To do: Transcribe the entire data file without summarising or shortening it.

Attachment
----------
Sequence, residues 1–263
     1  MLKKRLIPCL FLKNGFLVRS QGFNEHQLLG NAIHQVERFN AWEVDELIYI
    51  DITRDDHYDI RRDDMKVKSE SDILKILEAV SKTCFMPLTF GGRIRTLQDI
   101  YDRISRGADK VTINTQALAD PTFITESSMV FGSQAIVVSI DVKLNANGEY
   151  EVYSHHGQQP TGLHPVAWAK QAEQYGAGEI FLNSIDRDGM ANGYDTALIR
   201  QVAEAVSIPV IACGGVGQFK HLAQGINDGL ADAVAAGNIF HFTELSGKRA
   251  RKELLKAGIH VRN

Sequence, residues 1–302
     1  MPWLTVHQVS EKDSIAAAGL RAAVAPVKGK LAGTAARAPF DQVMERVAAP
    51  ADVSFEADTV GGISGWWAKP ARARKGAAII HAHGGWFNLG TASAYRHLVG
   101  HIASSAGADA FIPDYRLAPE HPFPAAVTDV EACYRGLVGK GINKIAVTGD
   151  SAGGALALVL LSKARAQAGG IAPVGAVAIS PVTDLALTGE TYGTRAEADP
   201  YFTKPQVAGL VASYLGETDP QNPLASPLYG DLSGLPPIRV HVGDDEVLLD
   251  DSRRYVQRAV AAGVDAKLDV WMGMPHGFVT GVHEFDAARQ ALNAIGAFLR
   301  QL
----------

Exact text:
Sequence, residues 1–263
     1  MLKKRLIPCL FLKNGFLVRS QGFNEHQLLG NAIHQVERFN AWEVDELIYI
    51  DITRDDHYDI RRDDMKVKSE SDILKILEAV SKTCFMPLTF GGRIRTLQDI
   101  YDRISRGADK VTINTQALAD PTFITESSMV FGSQAIVVSI DVKLNANGEY
   151  EVYSHHGQQP TGLHPVAWAK QAEQYGAGEI FLNSIDRDGM ANGYDTALIR
   201  QVAEAVSIPV IACGGVGQFK HLAQGINDGL ADAVAAGNIF HFTELSGKRA
   251  RKELLKAGIH VRN

Sequence, residues 1–302
     1  MPWLTVHQVS EKDSIAAAGL RAAVAPVKGK LAGTAARAPF DQVMERVAAP
    51  ADVSFEADTV GGISGWWAKP ARARKGAAII HAHGGWFNLG TASAYRHLVG
   101  HIASSAGADA FIPDYRLAPE HPFPAAVTDV EACYRGLVGK GINKIAVTGD
   151  SAGGALALVL LSKARAQAGG IAPVGAVAIS PVTDLALTGE TYGTRAEADP
   201  YFTKPQVAGL VASYLGETDP QNPLASPLYG DLSGLPPIRV HVGDDEVLLD
   251  DSRRYVQRAV AAGVDAKLDV WMGMPHGFVT GVHEFDAARQ ALNAIGAFLR
   301  QL